Re: Apologetics, Genesis, and C S Lewis

Moorad Alexanian (alexanian@uncwil.edu)
Wed, 23 Dec 1998 10:24:42 -0500 (EST)

At 05:19 AM 12/23/98 -0800, Adam Crowl wrote:
>Hi Group,
>
>Hope I don't sound too aggressive in my reply. I want to hone up our
>discussion on these issues, so it's time for some clarification.

[deleted]

Moorad wrote:
>>I believe spirit is more than mere life. Life requires body, spirit
>does not
>>require body but mind--e.g. angels. Spirit is that which allows
>>consciousness to know beyond the senses. For instance, the notion of
>>Creator, God, etc. are not discerned by mind/body but by the spirit of
>man.
>>
>Firstly we don't know that angels don't have bodies. They don't have
>mortal flesh, but they always appear as corporeal beings. Perhaps
>embodiment is essential for mind - though what does that imply about
>God? The idea that spirit discerns God but mind does not is hard to
>understand considering that the "heart" [OT locus of mind] is invoked so
>often in talking about God. Mind is always involved in communion with
>God. We are, as Christians, one Spirit with God [a concept left
>forgotten in most discussions] so we can share in His mind - we can know
>his mind. The spirit involves the faculty of knowing, which includes
>consciousness as one of its processes, but it's common to all I think.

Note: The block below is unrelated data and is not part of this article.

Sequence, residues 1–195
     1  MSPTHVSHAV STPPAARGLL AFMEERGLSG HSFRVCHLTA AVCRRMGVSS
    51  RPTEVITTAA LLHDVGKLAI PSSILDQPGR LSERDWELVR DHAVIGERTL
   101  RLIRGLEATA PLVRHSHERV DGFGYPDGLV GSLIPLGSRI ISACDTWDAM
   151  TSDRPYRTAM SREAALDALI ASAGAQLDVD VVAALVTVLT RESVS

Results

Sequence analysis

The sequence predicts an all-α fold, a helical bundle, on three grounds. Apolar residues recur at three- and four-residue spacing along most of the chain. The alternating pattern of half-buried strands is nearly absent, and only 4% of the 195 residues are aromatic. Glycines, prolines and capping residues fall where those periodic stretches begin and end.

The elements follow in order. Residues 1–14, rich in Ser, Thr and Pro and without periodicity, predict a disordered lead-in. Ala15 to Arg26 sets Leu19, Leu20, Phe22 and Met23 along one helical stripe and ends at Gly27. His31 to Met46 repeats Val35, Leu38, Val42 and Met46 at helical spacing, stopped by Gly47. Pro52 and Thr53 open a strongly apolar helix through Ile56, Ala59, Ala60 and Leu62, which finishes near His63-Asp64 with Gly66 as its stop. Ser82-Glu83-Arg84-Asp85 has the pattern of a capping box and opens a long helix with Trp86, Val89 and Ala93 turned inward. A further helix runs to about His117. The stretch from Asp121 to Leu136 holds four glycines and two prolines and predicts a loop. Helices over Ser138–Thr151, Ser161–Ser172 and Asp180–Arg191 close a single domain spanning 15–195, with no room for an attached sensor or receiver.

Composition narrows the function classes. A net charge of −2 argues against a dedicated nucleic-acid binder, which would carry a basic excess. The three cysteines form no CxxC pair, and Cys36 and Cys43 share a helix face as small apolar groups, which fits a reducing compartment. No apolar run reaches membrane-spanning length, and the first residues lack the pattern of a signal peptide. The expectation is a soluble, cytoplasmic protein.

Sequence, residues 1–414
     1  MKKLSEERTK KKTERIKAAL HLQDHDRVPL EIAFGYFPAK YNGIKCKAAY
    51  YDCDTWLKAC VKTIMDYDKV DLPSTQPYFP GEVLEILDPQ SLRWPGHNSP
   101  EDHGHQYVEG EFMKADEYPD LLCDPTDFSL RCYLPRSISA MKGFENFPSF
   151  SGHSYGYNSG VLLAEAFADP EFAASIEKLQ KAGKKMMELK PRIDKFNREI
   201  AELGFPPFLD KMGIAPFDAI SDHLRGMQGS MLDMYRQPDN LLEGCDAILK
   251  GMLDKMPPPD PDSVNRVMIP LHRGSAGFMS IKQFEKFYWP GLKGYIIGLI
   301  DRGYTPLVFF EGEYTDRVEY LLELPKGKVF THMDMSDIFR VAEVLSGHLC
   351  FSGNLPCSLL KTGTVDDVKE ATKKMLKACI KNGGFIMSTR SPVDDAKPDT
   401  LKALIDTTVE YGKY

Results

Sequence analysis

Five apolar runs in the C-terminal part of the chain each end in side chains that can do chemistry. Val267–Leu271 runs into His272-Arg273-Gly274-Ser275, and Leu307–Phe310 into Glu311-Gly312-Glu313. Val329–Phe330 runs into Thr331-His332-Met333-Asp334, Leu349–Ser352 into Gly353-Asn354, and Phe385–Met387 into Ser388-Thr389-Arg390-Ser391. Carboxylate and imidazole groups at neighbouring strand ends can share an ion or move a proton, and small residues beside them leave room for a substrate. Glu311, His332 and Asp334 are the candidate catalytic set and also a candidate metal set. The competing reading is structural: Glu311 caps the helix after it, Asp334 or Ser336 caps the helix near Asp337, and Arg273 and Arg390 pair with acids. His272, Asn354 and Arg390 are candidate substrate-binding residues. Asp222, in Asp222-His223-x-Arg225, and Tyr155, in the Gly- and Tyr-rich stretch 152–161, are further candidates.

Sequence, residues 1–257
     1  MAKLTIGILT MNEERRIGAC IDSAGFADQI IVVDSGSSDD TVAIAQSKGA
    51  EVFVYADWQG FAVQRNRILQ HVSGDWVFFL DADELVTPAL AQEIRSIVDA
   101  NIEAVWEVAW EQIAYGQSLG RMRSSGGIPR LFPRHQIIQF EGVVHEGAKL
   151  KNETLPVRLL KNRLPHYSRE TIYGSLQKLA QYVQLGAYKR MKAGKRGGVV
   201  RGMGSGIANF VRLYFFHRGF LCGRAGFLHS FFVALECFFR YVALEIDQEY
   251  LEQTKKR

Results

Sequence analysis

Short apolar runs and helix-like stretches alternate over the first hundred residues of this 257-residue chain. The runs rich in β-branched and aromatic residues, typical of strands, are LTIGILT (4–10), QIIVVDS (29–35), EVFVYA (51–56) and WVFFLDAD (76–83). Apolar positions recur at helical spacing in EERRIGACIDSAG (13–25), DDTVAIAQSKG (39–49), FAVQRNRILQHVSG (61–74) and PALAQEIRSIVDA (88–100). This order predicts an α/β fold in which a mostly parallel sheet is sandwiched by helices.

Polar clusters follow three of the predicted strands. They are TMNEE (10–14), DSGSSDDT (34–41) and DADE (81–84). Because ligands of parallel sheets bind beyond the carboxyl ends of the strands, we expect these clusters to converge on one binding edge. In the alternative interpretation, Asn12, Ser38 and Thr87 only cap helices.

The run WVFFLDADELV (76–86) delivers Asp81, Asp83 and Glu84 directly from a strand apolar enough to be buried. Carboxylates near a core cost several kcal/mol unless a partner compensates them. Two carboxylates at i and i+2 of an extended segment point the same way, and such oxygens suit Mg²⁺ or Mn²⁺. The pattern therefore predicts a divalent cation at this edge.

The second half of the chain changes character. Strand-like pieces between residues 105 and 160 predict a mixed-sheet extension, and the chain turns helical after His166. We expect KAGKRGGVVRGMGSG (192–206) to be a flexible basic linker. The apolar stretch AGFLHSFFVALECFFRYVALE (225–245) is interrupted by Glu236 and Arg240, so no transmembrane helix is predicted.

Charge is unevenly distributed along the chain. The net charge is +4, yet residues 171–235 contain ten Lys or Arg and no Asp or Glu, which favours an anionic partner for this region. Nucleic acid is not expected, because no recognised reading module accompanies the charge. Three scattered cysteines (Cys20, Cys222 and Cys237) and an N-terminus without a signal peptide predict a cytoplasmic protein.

I believe mind is necessary for communion with God but it is not sufficient.
To me spirit is the distinguishing characteristic of man which is the
essence of being created in the image of God. This is in contrast to
animals. It is this discontinuity between men and animals--the spiritual
nature of man--that cannot be bridged by any scientific theory of man. Of
course, all this are mere opinions on my part.

[deleted]

Moorad wrote:
>>Man is embedded in spacetime and God is not. How can man, therefore,
>know
>>God or even the whole of creation? That is no a cop out but wisdom.
>>
>You are right, but perhaps the questions we ask aren't that big that
>they need us to encompass all Creation to answer them. According to some
>we can understand the overall history of the Universe with just a few
>equations - and we don't need all the details to do it. I find our
>understanding more a thing of wonder than our ignorance.
>
>Adam

The history of the Universe cannot be described by equations which assume
the matter in the universe is uniformly distributed throughput space. These
models give a very, very gross description of nature. It is clear to me that
a scientific theory of all that exists is an impossibility. Such theories
will have to struggle with the question of beginnings which is abhorrent to
science.

Take care,

Moorad